NDF - Financing for climate change and development projects

Central American Finance Ministries establish agenda on climate change

Julie Lennox, Climate Change Focal Point at ECLAC
Photo: ECLAC
The multi-sectoral issues for climate change response and how they link to the SDGs
The multi-sectoral issues for climate change response and how they link to the SDGs
21.09.2018

The NDF, together with IDB, has financed the third phase of a long-term initiative, just completed, on the economics of climate change. The project (ECCCARD) was coordinated by the Economic Commission for Latin America (ECLAC) in close collaboration with regional organisations and Governments of countries in the Central American Integration System (SICA), which includes Guatemala, El Salvador, Belize, Panama, Honduras, Nicaragua, Costa Rica, and, in this phase, the Dominican Republic.

Julie Lennox, Climate Change Focal Point at ECLAC and Technical Coordinator, worked at the front lines from the outset of this initiative, which culminated in an unprecedented shift by Central American Finance Ministries to push climate change response high up onto their national and regional-level agendas.

The story behind the project goes back more than ten years to 2006
“The impacts of extreme weather events in the region were already being felt,” Lennox recalls, “this was affecting food production, infrastructure, and taking a toll on fragile national debt levels.” According to Lennox, there were important risks associated with climate change that many felt should be taken account of in disaster prevention.  

This was the pivotal year when the UK released the Stern Review, a groundbreaking study outlining the economic risks of climate change. “It was the first international study commissioned by a Treasury Ministry, targeting economic actors,” Lennox explains. “The study took a first stab at the economic cost of various scenarios of climate change, extrapolating 200 years out.”

Following on from the Stern Review
Lennox and her team at ECLAC subsequently became one of the groups to go into the second generation of studies that grew from the landmark report. They took a regional approach, working with seven Central American countries and joined later by the Dominican Republic. The initial phase was designed with delegates from the Environment Ministries, which at that time were thought to be solely responsible for the topic of climate. Clearly there was need for a wider viewpoint across government institutions.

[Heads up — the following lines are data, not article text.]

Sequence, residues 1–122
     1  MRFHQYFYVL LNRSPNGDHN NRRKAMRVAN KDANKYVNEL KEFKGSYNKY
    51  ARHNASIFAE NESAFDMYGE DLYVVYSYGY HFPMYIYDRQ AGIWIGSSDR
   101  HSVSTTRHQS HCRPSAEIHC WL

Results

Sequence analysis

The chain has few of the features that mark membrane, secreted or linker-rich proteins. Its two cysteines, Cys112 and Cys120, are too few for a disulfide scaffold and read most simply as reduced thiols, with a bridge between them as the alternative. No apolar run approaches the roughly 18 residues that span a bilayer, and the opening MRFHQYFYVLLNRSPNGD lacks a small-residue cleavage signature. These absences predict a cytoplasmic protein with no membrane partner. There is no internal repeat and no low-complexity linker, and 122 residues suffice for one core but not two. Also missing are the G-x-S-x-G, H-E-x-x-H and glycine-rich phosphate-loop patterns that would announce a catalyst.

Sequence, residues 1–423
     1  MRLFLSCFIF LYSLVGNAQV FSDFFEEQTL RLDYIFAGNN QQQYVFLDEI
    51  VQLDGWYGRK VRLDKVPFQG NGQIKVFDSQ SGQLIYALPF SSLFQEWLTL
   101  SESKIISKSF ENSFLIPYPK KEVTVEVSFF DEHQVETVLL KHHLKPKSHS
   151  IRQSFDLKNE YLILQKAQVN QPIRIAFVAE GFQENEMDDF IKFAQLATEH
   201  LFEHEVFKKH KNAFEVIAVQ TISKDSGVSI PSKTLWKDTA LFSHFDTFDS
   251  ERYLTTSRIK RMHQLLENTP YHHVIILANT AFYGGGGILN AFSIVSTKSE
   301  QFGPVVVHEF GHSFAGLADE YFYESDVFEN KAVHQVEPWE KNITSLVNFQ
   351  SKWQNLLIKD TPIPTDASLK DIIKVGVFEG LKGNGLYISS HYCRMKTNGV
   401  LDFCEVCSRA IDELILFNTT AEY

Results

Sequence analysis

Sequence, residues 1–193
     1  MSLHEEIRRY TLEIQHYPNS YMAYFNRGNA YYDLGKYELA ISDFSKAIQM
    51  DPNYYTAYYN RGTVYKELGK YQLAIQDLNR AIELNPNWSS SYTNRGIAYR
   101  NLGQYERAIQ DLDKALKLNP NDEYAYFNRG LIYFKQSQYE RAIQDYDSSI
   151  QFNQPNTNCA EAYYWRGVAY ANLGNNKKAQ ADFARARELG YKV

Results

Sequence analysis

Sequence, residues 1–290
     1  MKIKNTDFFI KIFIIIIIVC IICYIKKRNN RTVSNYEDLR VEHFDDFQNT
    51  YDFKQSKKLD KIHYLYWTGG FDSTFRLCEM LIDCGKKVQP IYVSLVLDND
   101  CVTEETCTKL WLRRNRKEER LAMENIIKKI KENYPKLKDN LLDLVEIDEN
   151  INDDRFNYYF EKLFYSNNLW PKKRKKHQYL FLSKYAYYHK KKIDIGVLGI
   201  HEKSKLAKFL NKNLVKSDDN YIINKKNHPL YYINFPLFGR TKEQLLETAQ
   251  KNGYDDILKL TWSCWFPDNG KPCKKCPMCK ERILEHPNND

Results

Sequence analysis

“Climate is not just a problem that belongs over there with the environmental experts,” Lennox says. “Our ultimate goal was to sensitize the Ministries of Finance, who handle the budget, debt and public investment, to the risks to fiscal sustainability and national development.” But getting them on board wasn’t easy, as they had many other urgent issues to deal with. “We had to convince them that climate change could change everything and that it would better to take an evidence based and proactive approach,” Lennox recalls. Big extreme weather events that had been hitting national economies and their potential worsening with climate change, as well as the associated risk of pushing a delicate fiscal situation into a much more serious one, became two key entry points for discussion with the Finance Ministries.

Food production vulnerable to temperature rise
Lennox describes how work groups brought together data on climate from the countries and the International Panel on Climate Change (IPCC) with data on key economic sectors. Food production was an obvious area. “Most Central American countries depend on corn, beans and rice, which are all vulnerable to a changing climate.” The anticipated temperature rise in Central America of over 4 degrees Celsius during this century as well as changes in annual amounts of rainfall and its distribution will seriously affect production in sectors such as agriculture and hydroelectricity generation, as well as ecosystems which provide numerous services to humanity. Much of Central America faces drier conditions and increasing drought. Even where levels of rainfall may stay the same, a high temperature rise will bring more evaporation, making less water available for human consumption, farming and hydroelectric production. “Higher temperatures seem to already be bringing more intense rainfall patterns, such as the tropical storms of the last decade, which even without high winds, have caused economic losses equivalent to those caused by hurricanes in the past,” Lennox affirms.

NDF investment adds future direction